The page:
Harvey Gantt Has a Great Story (Even if It Is Attached to a Plea for Contributions)

There are plenty of Charlotteans who will see their profiles raised when national media shines the spotlight on the city next year for the Democratic National Convention. One of those people, undoubtedly, is Harvey Gantt.

He’s well known in this region as Charlotte’s first African-American mayor (in the 1980s) and in his current role as a partner at Gantt Huberman Architects. And not to mention there’s an impressive building named after him in Charlotte: Harvey B. Gantt Center for African-American Arts + Culture.

But how many of you know how he rose to such prominence and achievements? (He’s being honored this evening at the Charlotte Chamber Annual Meeting with their prestigious 2011 Citizen of the Carolinas Award, by the way.)

Gantt is a co-chair on the Charlotte in 2012’s Steering Committee, and if you don’t know his story, he shared it in an email this morning that asked us to “join the grassroots movement” by contributing money to the 2012 Democratic National Convention. Most emails I receive soliciting funds (I’m sure you get them if you’re on any campaign’s email list) have heartfelt notes attached to them. Gantt’s is no different, and his story is one you can anticipate the Democratic Party sharing in months to come. The letter is below.

Dear ,

The first time I saw Charlotte I fell in love with it.

Even though my story starts in South Carolina, Charlotte has been my home for forty-six years. I was born in Charleston, South Carolina to parents that were salt of the earth working people — dad working sometimes two or three jobs from carpenter to rigger at the naval shipyard and mom staying home to raise my four sisters and me. We believed in this country and believed in the goals of the middle class that I think is the stuff that America is made of – working hard, pulling yourself up by your boot straps, and getting an education.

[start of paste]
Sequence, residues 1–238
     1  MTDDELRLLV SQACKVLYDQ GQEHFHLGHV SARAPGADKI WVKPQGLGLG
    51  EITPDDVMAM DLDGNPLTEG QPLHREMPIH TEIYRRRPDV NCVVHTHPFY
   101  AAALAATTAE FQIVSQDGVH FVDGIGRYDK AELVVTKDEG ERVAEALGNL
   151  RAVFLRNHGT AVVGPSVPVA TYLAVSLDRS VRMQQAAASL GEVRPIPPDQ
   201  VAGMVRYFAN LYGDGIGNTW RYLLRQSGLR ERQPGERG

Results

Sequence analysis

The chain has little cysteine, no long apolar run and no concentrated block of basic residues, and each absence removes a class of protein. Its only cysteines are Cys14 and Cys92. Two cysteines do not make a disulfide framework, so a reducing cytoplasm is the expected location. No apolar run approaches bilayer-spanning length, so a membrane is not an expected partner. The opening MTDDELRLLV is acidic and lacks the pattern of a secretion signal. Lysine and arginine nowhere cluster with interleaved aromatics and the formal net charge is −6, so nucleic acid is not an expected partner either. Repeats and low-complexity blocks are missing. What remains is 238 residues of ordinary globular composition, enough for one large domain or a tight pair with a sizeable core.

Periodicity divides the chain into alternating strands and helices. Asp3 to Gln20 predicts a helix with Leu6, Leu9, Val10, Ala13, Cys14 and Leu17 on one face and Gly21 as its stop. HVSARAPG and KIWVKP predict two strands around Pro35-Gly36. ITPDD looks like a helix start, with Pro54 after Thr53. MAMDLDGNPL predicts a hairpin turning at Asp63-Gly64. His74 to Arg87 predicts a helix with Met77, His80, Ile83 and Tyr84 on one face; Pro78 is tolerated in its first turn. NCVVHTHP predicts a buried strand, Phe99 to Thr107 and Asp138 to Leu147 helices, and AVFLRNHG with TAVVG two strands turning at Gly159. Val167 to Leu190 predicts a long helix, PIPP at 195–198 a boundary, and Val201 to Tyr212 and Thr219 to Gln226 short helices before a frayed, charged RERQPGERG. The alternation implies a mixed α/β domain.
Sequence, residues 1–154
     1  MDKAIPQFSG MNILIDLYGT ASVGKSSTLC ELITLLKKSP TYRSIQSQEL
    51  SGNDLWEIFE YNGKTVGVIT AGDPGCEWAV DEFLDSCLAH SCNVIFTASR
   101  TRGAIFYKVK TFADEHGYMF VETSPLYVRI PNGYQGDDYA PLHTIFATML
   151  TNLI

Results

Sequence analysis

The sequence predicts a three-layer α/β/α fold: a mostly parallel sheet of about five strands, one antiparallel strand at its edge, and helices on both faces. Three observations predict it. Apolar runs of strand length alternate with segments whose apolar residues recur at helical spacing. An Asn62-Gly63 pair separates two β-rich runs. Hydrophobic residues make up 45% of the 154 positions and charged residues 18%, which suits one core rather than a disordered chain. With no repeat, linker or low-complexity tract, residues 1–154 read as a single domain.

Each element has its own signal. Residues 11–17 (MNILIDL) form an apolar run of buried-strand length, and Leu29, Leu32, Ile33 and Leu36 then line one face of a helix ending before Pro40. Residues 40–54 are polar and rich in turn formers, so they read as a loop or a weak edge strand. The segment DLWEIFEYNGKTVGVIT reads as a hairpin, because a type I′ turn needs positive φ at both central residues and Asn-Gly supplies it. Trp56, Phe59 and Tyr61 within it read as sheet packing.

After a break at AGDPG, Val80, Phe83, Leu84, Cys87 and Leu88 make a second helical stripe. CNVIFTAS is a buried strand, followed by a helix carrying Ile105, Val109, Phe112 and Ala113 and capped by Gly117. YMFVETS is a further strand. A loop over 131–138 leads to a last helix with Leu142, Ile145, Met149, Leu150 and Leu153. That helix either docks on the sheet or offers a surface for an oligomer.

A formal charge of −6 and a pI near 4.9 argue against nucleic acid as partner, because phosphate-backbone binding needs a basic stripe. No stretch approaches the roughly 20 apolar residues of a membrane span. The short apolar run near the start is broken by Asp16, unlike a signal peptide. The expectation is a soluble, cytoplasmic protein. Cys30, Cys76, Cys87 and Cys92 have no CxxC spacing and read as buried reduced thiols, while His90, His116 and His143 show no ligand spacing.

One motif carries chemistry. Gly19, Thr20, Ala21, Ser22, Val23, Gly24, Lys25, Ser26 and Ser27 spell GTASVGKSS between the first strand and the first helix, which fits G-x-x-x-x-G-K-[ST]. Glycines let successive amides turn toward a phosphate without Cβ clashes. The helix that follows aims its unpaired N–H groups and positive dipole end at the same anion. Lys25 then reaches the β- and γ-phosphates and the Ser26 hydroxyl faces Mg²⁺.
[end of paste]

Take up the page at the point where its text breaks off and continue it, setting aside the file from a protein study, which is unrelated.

These beliefs were instilled in me at home and I went on to graduate high school second in my class while also winning a National Achievement Scholarship to attend college. In 1963, following a long battle in court, I was the first African-American student admitted to Clemson University and received a degree in architecture. Later on, I earned a Master's Degree in City Planning from MIT.

Activism was always important to my family. My father was a proud member of the NAACP and my parents were always talking about politics around the dinner table. Throughout high school and college I was active in civic and political issues. In 1974, I was appointed to a seat on the Charlotte City Council, and later won election to three terms. In 1983, I became the first African-American elected Mayor of Charlotte and served two terms in that office.

The story of Charlotte is the story of America. From textiles to banking to new energy, Charlotte continues to reinvent itself. It is a tale of the American spirit. The 2012 Democratic Convention exemplifies the American dream. We are building a grassroots effort that is unprecedented for any convention. We are asking every person from Charlotte to Charlotte [sic] to be a part of this historic week. We are collecting names, emails, donations of every size, and volunteers to engage Americans in a way that has never been done before.

But I am not in this alone. I need your help.

Will you join our grassroots movement by giving $25, $50, or $100 today?

With your help, the 2012 Democratic National Convention will be full of firsts. It is the first time a convention relies on its citizens to make small donations instead of getting corporate funds and it will be the first time the Carolinas will host a convention since the 1860's. To me, this is what the American dream is all about.

Will you be a part of this historic convention? Please give today.

Harvey Gantt
Charlotte Mayor 1983-1987

Categories: The DNC In The CLT